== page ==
I think, in general, issues with certain breeds of dogs, cats, etc. have arisen because of ignorance. For a while we did not have the understanding of genetics that we do today. So problems arose, but we didn't understand that they could be fixed. Nowadays people are starting to be more educated about the issues involved in their chosen breed.

I personally adore shih-tzus. Yes, they have issues with their faces being so flat. They can't be out in the sun, be overexerted, fly on airplanes--but to me that just means one needs to modify their husbandry. What works for one breed of dog isn't going to work for another. If there are other more extreme breathing problems cropping up, then that's a problem and those lines need to be worked with closely (careful breeding to isolate the issues), or just ended completely. But a dog getting short on breath because it's out in the sun for a while and is exerting itself is still going to be a perfectly happy animal indoors. So the regular, breed-standard shih-tzu is going to be okay.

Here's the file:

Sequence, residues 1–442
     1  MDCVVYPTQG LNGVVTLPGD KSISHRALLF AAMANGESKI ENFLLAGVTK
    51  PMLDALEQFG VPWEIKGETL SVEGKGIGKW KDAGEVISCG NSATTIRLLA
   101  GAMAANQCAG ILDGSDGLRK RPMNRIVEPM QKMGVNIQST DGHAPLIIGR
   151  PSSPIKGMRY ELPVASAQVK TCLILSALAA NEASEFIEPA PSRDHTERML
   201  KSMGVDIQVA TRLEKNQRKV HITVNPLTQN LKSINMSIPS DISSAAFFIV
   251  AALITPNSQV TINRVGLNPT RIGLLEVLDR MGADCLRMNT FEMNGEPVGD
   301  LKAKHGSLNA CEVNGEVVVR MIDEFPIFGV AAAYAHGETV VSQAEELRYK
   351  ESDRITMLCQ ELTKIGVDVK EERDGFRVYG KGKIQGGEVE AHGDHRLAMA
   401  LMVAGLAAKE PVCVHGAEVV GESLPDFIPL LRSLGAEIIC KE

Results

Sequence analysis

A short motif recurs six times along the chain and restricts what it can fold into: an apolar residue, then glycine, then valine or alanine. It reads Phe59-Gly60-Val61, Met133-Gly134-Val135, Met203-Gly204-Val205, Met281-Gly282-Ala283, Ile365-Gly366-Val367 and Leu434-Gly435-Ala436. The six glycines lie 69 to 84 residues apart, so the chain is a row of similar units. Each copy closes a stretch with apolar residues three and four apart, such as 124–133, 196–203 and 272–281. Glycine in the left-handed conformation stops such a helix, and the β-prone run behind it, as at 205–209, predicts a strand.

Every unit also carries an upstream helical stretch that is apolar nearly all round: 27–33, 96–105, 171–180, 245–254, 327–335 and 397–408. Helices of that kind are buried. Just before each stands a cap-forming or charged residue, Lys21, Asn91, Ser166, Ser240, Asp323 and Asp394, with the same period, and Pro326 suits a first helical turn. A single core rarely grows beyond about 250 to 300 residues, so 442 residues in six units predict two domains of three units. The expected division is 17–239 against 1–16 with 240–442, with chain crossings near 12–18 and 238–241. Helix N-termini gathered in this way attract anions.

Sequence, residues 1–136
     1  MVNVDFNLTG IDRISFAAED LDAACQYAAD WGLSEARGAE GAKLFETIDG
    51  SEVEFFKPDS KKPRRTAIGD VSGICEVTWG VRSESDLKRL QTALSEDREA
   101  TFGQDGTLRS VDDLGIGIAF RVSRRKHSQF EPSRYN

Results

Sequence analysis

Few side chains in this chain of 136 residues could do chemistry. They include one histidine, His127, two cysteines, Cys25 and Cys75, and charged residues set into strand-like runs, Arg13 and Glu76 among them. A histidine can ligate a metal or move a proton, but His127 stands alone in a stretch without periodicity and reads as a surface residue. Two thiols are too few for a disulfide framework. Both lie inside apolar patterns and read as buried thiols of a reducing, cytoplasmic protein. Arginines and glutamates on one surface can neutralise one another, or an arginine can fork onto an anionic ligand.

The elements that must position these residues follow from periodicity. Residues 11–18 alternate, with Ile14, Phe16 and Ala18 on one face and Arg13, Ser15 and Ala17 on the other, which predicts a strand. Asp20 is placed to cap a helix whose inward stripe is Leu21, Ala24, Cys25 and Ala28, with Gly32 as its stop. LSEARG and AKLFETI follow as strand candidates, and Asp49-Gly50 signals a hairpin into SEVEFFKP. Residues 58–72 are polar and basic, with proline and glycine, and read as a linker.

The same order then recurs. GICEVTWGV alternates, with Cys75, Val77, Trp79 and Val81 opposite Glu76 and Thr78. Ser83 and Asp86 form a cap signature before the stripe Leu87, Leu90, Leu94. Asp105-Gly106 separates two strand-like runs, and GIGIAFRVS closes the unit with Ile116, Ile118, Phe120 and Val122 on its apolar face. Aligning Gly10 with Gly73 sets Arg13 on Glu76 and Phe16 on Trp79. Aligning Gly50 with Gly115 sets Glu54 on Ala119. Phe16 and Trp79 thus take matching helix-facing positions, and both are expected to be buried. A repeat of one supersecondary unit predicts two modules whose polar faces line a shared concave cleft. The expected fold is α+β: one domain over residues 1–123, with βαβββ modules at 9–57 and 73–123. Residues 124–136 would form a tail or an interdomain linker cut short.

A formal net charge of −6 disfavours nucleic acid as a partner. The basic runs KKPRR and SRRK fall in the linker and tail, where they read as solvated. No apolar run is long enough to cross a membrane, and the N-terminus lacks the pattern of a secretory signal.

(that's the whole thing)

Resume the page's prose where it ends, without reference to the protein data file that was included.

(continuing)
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Re: Promoting Unhealthy Mutations

Postby TamanduaGirl » Mon Jan 25, 2016 7:16 pm

Oh and I've worked with mini donkeys and should point out they are natural if that's what you are referring to as a "dwarf" donkey?
Here's a good read on it: http://www.quartermoonranch.com/origin.html

Miniature horses are also not dwarfs. It's frowned on to have dwarf minis.
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Re: Promoting Unhealthy Mutations

Postby GitaBooks » Tue Jan 26, 2016 11:32 am

TamanduaGirl wrote:Oh and I've worked with mini donkeys and should point out they are natural if that's what you are referring to as a "dwarf" donkey?
Here's a good read on it: http://www.quartermoonranch.com/origin.html

Miniature horses are also not dwarfs. It's frowned on to have dwarf minis.



No, don't worry. I know that dwarfs are not excepted in donkeys or horses, which I am so glad for. The reason I mentioned it is because some breeders looking for money only have bred it into them to try to get smaller animals. There is information out there on how to avoid such animals when buying.
I love mini donkeys, I want to be able to get one in the future. icon-smile
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Re: Promoting Unhealthy Mutations

Postby GitaBooks » Tue Jan 26, 2016 11:36 am

TamanduaGirl wrote:I didn't know that about folds. Since it's the disease that causes the ears I don't see any way around making that one better. I never liked their look myself but I know some do.